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. Last Updated: 07/27/2016

Kremlin Not Concerned Over Rival Caspian Line

Deputy Prime Minister Viktor Khristenko said Thursday that the Kremlin is not concerned about the Baku-Ceyhan pipeline project, which will bypass Russia in carrying Caspian Sea crude to Western markets -- primarily because there is no guarantee that the project will ever be completed.

"It is a long way between the project launching ceremony and completion," Khristenko was quoted by Interfax as saying.

U.S. Energy Secretary Spencer Abraham joined the presidents of Azerbaijan, Georgia and Turkey on Wednesday in launching the construction of the Baku-Ceyhan oil pipeline, which will carry crude from Azerbaijan's Sangachal terminal, 40 kilometers south of the capital Baku, via Georgia to Turkey's Mediterranean port of Ceyhan.

Construction of the $3 billion pipeline is to be completed by early 2004. The first oil is expected to flow through it a year later. The United States has hailed the pipeline as a significant development in efforts to find a secure energy source outside the sway of the Middle East.

But Russia, which has pushed for pipelines that flow through its territory, has been critical of the project, and Russian companies refused to participate. Some Western oil companies also have their doubts, saying the proposed route is an expensive alternative to shorter routes through Russia or Iran.

"In the end, the choice will be made by economic parameters," Khristenko was quoted as saying.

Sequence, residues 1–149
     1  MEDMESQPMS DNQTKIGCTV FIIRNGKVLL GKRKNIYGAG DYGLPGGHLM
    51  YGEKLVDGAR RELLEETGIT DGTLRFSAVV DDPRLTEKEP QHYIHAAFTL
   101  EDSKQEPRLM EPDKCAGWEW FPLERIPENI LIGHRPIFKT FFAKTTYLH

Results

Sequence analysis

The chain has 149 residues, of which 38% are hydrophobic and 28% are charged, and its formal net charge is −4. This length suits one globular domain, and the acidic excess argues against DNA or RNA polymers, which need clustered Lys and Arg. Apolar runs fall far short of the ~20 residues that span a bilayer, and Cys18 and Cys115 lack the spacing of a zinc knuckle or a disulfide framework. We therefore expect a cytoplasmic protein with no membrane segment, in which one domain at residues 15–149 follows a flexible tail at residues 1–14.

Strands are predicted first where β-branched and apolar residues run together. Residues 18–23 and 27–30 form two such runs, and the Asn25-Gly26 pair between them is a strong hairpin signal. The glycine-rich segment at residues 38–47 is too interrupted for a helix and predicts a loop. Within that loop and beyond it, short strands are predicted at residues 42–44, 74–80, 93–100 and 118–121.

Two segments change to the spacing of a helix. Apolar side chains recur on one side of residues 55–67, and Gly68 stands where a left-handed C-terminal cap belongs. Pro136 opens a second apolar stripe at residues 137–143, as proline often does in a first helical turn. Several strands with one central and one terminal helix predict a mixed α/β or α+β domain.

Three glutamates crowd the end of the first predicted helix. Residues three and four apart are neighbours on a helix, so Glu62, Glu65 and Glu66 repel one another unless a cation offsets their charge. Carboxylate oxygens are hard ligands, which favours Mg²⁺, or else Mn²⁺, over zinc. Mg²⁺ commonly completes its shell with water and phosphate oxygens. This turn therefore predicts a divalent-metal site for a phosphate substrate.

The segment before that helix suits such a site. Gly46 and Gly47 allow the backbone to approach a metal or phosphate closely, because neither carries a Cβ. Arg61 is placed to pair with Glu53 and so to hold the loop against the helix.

Meanwhile, the Russian government refused to make any new commitments to OPEC to cap its oil exports in line with the cartel.

The Organization of the Petroleum Exporting Countries, meeting in Osaka, Japan, agreed Thursday to stick with their official supply ceiling of 21.7 million barrels per day, rejecting calls from the West to put more oil on the market.

Deputy Energy Minister Alexander Voronin said in a statement that any future cooperation on oil exports with the cartel would depend on whether it was good for the Russian oil sector, whose output rose over 8 percent in the first eight months of 2002.

Russia, which is not a member of OPEC, will coordinate its future decisions on export volumes "with current conditions and growth trends in the global and Russian economies, taking into account our obligations toward consumers in Europe and the investment requirements of the Russian oil sector," Voronin said.

He added that the targeted price for Urals crude is $20 to $25 a barrel, which "practically overlaps with the price corridor desired by OPEC." OPEC's targeted price band for its crude is $22 to $28 per barrel.

Russia is the world's second-largest oil producer, and its aggressive, young oil companies have been eager to expand their market share and challenge the Persian Gulf.